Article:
In this monograph the author reports 150 cases of atrophy of the liver studied by him, 97 of which occurred during an epidemic in Sweden in 1927. The disease showed a remarkable tendency to appear at definite periods of the year, namely, spring and fall. It seemed to be epidemic, which led the author to believe that it was infectious. It was more prevalent in the cities, and more women than men were affected. Syphilis, treatment with arsphenamine and pregnancy apparently were only incidental predisposing causes.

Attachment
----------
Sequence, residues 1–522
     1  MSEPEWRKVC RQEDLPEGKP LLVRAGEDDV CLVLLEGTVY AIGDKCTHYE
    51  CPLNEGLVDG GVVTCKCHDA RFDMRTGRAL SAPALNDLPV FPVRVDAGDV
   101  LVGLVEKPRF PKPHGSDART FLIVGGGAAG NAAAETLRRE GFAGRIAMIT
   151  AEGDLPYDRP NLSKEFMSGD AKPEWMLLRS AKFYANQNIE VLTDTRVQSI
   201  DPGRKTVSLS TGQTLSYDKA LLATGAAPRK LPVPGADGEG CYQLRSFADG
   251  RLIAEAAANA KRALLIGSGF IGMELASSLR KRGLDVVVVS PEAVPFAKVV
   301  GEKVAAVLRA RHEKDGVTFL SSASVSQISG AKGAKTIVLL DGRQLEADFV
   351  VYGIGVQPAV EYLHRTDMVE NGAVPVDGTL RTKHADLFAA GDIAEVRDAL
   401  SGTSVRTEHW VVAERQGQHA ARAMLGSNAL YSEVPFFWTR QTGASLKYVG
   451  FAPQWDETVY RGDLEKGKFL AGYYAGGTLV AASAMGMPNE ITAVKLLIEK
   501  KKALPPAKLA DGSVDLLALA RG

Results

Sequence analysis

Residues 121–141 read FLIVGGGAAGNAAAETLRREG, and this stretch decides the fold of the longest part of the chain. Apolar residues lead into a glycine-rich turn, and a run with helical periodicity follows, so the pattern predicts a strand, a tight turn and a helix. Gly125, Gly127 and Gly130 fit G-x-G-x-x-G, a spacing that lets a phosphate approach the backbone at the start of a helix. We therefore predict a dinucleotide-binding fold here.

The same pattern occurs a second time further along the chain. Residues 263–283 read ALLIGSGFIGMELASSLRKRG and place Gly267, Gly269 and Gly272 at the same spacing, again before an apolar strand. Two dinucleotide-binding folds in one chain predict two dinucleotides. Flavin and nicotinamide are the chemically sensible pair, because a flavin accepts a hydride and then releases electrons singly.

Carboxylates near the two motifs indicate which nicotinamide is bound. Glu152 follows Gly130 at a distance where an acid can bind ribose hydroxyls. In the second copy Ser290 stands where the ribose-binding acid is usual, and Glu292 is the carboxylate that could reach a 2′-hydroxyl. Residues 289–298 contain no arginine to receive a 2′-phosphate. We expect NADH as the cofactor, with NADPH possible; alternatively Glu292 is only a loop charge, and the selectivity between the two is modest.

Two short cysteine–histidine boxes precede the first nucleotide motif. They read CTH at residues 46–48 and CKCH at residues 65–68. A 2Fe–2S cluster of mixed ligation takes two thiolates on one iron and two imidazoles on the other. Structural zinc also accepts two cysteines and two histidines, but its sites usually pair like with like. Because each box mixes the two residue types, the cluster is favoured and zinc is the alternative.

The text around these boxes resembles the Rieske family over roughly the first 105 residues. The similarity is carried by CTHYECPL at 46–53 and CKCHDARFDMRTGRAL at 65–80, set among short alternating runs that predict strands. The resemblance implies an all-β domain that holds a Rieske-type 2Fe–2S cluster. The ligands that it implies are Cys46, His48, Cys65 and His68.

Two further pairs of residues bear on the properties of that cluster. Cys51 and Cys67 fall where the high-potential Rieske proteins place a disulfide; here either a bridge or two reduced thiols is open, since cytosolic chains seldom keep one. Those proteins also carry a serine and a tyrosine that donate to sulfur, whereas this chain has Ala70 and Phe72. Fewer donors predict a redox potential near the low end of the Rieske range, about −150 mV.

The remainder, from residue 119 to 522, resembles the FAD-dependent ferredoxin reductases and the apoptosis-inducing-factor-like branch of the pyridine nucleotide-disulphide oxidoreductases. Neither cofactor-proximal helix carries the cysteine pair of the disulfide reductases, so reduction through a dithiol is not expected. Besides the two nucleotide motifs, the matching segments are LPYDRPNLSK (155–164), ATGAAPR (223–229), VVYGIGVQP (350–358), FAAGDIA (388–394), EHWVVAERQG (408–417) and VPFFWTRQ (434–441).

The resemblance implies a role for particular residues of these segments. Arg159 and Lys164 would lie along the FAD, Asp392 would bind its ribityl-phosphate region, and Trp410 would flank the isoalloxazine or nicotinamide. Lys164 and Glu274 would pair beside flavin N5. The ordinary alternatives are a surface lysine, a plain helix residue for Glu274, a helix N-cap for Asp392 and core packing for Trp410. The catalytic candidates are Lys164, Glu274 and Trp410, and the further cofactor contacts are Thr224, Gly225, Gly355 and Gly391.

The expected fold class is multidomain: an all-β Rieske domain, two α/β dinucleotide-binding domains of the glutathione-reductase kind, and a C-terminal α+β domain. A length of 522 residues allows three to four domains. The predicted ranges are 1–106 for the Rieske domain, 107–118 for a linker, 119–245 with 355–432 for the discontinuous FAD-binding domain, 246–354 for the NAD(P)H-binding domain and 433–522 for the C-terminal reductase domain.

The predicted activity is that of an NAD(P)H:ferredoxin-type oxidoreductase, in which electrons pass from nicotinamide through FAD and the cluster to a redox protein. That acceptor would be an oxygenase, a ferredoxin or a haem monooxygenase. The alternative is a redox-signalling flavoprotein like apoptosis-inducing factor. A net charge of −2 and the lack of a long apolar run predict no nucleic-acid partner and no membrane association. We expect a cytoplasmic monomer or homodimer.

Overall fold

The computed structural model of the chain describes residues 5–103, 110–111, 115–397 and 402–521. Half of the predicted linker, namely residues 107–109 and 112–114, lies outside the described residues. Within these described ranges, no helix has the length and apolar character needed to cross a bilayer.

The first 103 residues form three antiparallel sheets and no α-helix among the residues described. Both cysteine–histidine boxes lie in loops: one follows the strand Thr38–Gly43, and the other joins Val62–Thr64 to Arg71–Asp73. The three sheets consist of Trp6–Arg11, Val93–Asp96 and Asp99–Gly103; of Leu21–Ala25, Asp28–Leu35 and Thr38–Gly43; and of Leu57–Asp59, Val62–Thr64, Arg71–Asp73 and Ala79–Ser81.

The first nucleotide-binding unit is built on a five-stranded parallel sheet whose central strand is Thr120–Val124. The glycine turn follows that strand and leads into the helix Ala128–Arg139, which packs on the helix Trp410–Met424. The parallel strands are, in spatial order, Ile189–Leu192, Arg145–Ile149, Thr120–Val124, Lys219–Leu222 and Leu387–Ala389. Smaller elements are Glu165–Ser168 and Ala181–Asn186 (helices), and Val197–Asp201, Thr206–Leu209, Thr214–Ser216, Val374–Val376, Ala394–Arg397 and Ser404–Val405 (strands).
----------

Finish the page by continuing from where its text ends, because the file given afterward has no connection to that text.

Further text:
The author draws attention to the marked clinical similarity of the course of catarrhal jaundice and that of acute yellow atrophy of the liver. It is only in the pulse rate that the two differ, the first having a bradycardia, whereas in the latter the pulse curve lies well above the temperature curve.
Results of pathologic studies conformed with the observations of other investigators.